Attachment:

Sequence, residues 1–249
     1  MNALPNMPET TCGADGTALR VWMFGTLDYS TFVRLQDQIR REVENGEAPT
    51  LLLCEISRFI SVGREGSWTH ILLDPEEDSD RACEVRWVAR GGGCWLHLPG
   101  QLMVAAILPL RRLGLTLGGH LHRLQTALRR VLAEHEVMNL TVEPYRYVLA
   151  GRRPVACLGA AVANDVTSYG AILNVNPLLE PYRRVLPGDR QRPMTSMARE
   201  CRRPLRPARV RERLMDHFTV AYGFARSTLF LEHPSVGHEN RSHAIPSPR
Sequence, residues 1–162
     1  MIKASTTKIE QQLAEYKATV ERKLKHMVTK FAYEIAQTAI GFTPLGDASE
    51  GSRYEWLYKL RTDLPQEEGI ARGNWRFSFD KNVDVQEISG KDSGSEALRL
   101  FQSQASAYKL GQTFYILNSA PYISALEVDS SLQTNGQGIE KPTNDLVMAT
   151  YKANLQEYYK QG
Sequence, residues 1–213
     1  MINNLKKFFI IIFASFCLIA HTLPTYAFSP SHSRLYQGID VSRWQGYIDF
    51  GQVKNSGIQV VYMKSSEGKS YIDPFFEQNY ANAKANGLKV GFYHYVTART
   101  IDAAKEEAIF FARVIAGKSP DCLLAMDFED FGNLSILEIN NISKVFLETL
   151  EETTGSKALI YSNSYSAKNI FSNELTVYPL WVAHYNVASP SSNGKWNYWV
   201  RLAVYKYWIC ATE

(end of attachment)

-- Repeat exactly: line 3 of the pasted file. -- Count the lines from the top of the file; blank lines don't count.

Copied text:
    51  LLLCEISRFI SVGREGSWTH ILLDPEEDSD RACEVRWVAR GGGCWLHLPG